Mainland China developer Hopson Development Holdings is poised to make its first overseas acquisition after agreeing to buy a stalled residential project in New York for $113.5 million, according to a company announcement to the Hong Kong stock exchange.
With no movement on the project since the previous buildings were demolished three years ago, the Hong Kong-listed property developer is planning to erect a 34-storey tower on the site at 131-141 East 47th Street, just four blocks southeast of Rockefeller Center in the Midtown Manhattan business district.
The news of the acquisition comes on the same day that Hopson announced that it had recorded contracted sales of RMB 19 billion ($2.7 billion) during the first eleven months of the year, up 35 percent from the same period last year.
Chaired by billionaire Zhu Mengyi, the Guangzhou-based developer is acquiring the project from a company that lists as a director a founder of New York-based, China-backed property firm New Empire Real Estate Development. The vehicle controlled by New Empire boss Bentley Zhao had purchased the site in 2015 for $81 million and filed plans for the development four years ago.
Gunning to Launch Pre-Sales in 2021
Located a three minute walk from the 51st Street station in Midtown, the tower planned for the site will provide 200 apartments across a gross floor area of 183,310 square feet (17,030 square metres), according to Hopson Development’s regulatory filing.
Construction on the residential project is expected to start next year with a provisional completion date of 2022, while pre-sales of homes in the tower are scheduled to kick off in 2021.
The company said in a statement that it estimates the total development investment for its new undertaking, including the purchase price, at $225 million dollars, with 60 percent of that to be financed by bank loans and the remainder coming from internal resources.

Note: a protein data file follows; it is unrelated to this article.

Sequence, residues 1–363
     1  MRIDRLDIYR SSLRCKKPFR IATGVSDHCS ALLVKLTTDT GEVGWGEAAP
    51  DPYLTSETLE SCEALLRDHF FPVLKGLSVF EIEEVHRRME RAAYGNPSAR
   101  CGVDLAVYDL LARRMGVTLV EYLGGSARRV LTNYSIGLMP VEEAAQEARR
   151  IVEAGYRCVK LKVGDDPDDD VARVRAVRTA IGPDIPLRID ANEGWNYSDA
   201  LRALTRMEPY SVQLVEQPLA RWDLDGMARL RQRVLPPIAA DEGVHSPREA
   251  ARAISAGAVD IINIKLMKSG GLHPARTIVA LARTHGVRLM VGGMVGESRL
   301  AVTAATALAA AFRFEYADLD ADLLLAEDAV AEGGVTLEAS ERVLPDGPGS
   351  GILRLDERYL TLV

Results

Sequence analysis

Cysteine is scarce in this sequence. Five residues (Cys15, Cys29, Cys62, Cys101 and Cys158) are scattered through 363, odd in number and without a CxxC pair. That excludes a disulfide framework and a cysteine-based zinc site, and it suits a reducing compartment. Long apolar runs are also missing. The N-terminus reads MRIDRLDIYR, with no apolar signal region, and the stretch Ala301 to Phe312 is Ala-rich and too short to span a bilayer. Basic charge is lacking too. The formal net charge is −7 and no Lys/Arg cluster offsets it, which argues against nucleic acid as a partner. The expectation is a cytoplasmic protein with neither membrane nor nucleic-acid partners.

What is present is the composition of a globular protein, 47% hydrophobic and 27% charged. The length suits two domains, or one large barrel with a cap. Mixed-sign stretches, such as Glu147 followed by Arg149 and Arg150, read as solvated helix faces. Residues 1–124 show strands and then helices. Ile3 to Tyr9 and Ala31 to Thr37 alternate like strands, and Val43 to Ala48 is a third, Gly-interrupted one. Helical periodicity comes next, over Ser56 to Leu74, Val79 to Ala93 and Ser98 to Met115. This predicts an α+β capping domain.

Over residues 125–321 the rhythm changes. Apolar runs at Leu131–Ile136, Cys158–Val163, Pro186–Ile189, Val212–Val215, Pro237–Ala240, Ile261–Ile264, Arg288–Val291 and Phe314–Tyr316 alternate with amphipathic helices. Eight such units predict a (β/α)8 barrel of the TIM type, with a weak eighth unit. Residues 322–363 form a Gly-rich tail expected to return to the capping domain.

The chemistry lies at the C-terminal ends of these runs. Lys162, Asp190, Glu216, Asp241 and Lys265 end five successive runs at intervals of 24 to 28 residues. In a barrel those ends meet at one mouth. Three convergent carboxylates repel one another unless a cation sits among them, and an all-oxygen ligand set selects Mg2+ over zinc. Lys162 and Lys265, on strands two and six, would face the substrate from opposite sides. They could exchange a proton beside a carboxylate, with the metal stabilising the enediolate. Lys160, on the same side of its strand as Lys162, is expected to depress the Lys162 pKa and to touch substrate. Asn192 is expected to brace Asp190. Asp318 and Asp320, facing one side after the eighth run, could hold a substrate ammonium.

New York developer New Empire had originally planned a 49-storey residential skyscraper for the site — a taller building than Hopson is now planning — while reducing the number of units to 122 across a smaller floor area of 151,000 square feet.
New Empire’s efforts to develop the project crumbled last year when US brokerage Town New Development sued the developer for $210,000 in consulting fees as well as a $2.2 million termination fee and $5.45 million in damages, according to accounts in the local press.
Taking a First Step Overseas
With all of Hopson Developments’ projects currently in Greater China, the purchase of 131-141 East 47th Street will be the group’s first overseas acquisition.
“The company wishes to expand its property investment globally through investments in high quality property projects in major cities in order to improve the group’s allocation of assets and bring returns to the group,” the company said in its announcement, adding that tapping into the US market was intended to establish a platform from which it could expand into the country should the opportunity arise.
In a market increasingly dominated by property giants such as Country Garden and China Evergrande, Hopson Development is a mid-sized player which came close to bankruptcy in 2014 when a combination of rising land prices, slower sales and tightening credit markets put the company in a cash crunch.
Hopson said in a statement regarding its maiden overseas project that it had targeted Manhattan due to its status as a global financial centre while the growing population in New York had created a demand for residential properties.
Hopson Confident in New York Market
Despite the Guangzhou builder’s confidence in the Manhattan market, the transaction comes as America’s traditional business hub struggles with a glut of luxury condos. The chief executive of real estate company Douglas Elliman, Howard Lorber, said in a CNBC interview six weeks ago that an oversupply of apartments coming onto the market is causing a softening of prices across New York.
The average sale price for an apartment in New York City fell to $961,048 in the third quarter of 2019, an eight percent drop from the $1 million average the year before, according to a third quarter report for brokerage Miller Samuel.
In the borough of Manhattan, the average sale price for apartments fell to $1.7 million in the third quarter, down from $2 million for the same period in 2018.